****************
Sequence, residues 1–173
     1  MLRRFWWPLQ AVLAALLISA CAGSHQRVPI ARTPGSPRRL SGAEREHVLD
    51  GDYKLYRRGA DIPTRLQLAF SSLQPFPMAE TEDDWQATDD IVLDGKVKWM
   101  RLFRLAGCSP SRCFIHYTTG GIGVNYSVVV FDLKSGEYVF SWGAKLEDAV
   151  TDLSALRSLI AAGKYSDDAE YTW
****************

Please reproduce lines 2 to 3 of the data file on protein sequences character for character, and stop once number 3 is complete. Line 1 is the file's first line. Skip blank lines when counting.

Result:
     1  MLRRFWWPLQ AVLAALLISA CAGSHQRVPI ARTPGSPRRL SGAEREHVLD
    51  GDYKLYRRGA DIPTRLQLAF SSLQPFPMAE TEDDWQATDD IVLDGKVKWM